As if one race wasn’t enough, many runners are now tackling multiple races in one weekend. There are organized multiple races, such as runDisney’s challenges and Runner’s World’s hat trick, and unofficial events. Earlier this fall, there were two half marathons in my town – one on Saturday and one on Sunday – and several of my runner friends competed in both.
Besides extra sore legs, runners who participate in multiple race weekends also have additional nutrition needs.
Here’s how to fuel if you’re participating in back-to-back races:
Before the weekend
It’s imperative you go into a multiple race weekend with full glycogen stores (glycogen is the main source of fuel for endurance runners). To achieve this, eat well all throughout training and be extra mindful to have good nutrition the week leading up to the race. Listen to your body and when in doubt – eat.
During the first race
The name of the fueling game during the first race is early and often. Meaning you need to take in calories and hydration sooner than you normally would if you were just doing one race, and you’ll need more calories overall. In a perfect world, you’d train for back-to-back races doing runs on consecutive days. So, try the “early and often” fueling approach throughout training to make sure the added fuel and liquid agrees with your digestive system.
In between races
You’ll want to replenish glycogen stores as soon as possible after the first race to make sure you’re back to baseline by the second race. The 30-minute window after intense exercise is when glycogen replacement happens fastest, so eating now is a must. Within a half hour of crossing the finish line, nosh on something that contains a mix of complex carbs and protein. If you’re unsure of what types of food will be supplied by the race at the finish, throw an energy bar in your gear check bag so you have something on hand. If your stomach is upset after the race, try to sip on a sports drink or some broth.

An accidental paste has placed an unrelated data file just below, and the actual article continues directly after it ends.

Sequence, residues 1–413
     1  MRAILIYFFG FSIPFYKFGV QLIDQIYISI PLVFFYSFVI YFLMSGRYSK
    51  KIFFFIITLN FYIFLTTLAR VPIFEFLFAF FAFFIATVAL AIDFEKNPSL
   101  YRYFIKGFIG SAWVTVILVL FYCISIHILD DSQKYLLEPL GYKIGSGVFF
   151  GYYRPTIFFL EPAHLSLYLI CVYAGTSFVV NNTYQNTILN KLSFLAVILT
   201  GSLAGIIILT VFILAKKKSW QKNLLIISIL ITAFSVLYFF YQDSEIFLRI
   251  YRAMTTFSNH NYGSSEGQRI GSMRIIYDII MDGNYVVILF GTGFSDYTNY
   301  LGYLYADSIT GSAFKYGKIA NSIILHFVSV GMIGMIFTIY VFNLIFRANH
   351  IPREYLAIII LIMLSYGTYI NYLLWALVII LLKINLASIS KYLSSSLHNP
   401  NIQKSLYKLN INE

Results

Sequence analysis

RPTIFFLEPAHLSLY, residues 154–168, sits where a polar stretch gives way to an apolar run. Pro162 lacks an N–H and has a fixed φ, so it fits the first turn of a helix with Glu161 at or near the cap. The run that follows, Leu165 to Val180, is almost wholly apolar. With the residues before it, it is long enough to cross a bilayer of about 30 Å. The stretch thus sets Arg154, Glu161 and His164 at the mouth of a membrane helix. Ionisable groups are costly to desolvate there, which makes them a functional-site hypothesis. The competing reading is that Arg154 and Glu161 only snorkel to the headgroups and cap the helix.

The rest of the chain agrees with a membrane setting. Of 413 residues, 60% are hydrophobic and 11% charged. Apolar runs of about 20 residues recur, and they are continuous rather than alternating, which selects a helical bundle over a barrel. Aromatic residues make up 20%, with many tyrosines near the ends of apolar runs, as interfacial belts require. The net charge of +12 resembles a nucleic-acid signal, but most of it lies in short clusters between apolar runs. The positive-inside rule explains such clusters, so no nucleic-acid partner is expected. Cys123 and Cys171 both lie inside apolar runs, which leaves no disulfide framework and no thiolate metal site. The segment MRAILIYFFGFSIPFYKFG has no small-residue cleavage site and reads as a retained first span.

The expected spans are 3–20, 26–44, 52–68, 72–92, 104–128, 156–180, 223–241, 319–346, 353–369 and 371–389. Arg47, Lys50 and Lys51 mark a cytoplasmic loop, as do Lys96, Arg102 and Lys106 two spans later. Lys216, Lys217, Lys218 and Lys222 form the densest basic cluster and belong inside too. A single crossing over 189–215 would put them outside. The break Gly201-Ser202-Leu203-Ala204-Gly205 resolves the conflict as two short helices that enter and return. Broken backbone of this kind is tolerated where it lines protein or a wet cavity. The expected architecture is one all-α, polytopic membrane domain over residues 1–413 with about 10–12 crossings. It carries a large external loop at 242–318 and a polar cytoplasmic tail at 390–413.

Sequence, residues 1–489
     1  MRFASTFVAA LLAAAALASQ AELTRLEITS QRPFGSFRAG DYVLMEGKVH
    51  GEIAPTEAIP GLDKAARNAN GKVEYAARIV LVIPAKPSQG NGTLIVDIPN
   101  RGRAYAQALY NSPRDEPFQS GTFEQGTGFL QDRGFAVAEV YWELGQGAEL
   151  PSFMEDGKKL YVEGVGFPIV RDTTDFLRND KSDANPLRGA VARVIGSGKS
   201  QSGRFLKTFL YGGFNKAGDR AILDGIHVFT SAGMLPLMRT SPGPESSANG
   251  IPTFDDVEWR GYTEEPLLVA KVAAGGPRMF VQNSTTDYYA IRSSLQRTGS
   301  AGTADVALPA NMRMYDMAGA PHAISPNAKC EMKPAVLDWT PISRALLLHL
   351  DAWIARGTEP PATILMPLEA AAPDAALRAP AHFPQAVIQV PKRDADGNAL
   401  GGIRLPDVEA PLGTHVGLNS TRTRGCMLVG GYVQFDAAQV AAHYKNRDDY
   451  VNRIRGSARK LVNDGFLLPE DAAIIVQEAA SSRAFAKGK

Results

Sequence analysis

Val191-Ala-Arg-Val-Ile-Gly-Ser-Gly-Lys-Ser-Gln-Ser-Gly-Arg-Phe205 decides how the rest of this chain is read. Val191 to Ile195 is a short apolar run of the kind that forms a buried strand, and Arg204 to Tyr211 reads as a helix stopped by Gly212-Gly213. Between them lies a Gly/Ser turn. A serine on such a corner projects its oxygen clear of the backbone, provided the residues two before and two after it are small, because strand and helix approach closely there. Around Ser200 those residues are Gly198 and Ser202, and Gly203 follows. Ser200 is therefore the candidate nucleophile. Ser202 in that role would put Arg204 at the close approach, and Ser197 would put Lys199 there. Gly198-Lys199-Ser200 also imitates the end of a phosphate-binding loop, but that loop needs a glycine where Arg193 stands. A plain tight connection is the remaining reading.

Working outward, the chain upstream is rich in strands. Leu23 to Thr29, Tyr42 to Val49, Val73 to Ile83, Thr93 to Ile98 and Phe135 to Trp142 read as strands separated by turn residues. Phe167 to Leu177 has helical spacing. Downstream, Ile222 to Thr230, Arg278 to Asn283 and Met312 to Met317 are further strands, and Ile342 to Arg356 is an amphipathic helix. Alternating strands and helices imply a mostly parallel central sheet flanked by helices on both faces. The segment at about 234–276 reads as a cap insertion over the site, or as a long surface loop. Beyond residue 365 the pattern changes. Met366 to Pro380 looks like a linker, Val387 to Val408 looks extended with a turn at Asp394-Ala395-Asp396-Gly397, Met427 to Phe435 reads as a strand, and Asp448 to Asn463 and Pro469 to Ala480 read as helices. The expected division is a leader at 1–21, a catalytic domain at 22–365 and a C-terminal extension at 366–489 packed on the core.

Aim to eat a bigger meal within two hours of finishing the first race. Continue to fill up on complex carbs and lean sources of protein, and steer clear of foods high in fat. This will move along the refueling process without weighing you down for the next race. Continue to eat sensible meals and snacks every 2-3 hours for the rest of the day. If you take in enough of the right types of calories, your muscles will be refueled by the time you line up at the next starting line. And don’t forget to drink up. The last thing you want to do is enter a race slightly dehydrated.
The morning of the second race
Have a slightly larger pre-race breakfast than you typically would to further replenish glycogen stores. Again, it’s best to test out this approach throughout your training cycle.
During the second/final race
The “early and often” approach is your best bet here, too. This tactic is especially important if your later race is longer than your first one – taking in extra calories early on can keep you from hitting the wall.
If you’re doing more than two consecutive races, repeat this method for the length of your race week.